Film Review: Unique Style Overcomes Stiffness in ‘Dredd 3D’
CHICAGO – Judge Dredd is a comic book character, right? In a comic book movie, right? Okay, that might mean – as in this case it does – that there will be some static dialogue and the old good-versus-evil sameness. But the new film “Dredd 3D,” featuring Karl Urban in the title role, forges beyond the ordinary by generating some arresting visual sensations.
This film has it’s own sense of style, an uncommon cinematic feel that is engaging without being overdone. By creating a future world of bleak, drug induced misery, a law enforcement that also acts as judge and jury has its own debatable issues. So to render an almost ballet-like interplay with some of the ultra violence and strange behavior in the picture is an inspiration from the filmmakers. There is the overdone violence and dreck associated with it in “Dredd 3D,” but the eye candy gives up a flavor that sets it apart from the rest of the comic book gang.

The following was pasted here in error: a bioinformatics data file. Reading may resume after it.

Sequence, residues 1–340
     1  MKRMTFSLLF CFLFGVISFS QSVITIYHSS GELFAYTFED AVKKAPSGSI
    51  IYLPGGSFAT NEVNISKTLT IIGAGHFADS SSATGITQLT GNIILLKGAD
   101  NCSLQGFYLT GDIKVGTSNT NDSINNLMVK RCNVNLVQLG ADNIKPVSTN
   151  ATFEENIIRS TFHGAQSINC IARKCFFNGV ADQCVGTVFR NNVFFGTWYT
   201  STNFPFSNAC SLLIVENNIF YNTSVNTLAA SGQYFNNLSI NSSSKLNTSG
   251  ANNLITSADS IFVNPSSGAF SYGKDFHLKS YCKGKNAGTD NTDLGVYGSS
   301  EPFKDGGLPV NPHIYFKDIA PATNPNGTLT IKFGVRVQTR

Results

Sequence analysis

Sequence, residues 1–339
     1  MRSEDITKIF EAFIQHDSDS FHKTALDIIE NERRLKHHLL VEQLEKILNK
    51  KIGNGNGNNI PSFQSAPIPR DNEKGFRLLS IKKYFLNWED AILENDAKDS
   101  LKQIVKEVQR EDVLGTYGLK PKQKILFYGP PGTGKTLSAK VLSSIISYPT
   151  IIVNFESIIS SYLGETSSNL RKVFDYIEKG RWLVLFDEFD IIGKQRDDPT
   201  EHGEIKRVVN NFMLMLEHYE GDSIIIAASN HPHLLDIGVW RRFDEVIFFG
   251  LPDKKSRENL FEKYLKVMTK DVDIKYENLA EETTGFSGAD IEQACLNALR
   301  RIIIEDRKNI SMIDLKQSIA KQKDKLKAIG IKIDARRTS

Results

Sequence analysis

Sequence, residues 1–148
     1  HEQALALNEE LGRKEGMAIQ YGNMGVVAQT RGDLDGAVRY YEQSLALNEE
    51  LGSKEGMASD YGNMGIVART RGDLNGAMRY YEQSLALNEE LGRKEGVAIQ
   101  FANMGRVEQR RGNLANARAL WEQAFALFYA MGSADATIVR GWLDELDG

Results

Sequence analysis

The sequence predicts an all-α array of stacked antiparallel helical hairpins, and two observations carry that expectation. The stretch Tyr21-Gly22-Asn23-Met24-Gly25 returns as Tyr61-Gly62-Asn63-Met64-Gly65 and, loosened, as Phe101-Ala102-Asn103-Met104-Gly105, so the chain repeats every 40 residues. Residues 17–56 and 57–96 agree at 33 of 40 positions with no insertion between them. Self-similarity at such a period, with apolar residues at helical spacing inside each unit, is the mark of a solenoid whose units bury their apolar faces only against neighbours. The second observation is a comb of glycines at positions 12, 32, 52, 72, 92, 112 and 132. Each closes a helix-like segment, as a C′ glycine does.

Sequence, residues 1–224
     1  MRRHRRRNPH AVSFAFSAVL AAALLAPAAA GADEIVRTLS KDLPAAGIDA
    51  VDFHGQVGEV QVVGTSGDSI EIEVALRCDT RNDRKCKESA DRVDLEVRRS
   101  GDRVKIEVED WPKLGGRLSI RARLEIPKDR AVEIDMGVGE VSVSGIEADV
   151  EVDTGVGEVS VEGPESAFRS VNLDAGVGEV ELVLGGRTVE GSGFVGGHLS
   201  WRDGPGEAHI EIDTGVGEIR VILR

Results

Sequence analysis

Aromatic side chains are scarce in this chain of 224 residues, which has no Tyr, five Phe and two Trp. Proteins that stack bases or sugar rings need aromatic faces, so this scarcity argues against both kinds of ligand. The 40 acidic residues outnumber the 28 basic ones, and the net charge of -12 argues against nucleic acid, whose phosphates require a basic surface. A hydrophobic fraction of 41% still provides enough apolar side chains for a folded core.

Judge Dredd (Karl Urban) is the law in a collapsed, post-nuclear society. The United States have been reorganized into mega-cities, this particular one that he patrols encompasses the entire former east coast, combining territories that used to be New York City, Boston and Washington, D.C. The government is totalitarian – justice is meted out immediately through the ‘Judges,’ police officers who also immediately sentence the perpetrators they capture on the street.
One high rise building encampment (huge buildings that hold populations in the tens of thousands) is manufacturing a new drug flavor called SLO-MO, the effect of which tells the brain that everything is moving at turtle place, like a frame-by-frame replay. Judge Dredd and his rookie partner Anderson (Olivia Thirlby) are called to the building, completely ruled by the evil Ma-Ma (Lena Headey). Dredd and Anderson leverage the situation by capturing Kay (Wood Harris), Ma-Ma’s right hand man, but there is a compound-wide bounty and order for anyone there to kill the Judges. Just another day in an ongoing war.
Photo credit: Lionsgate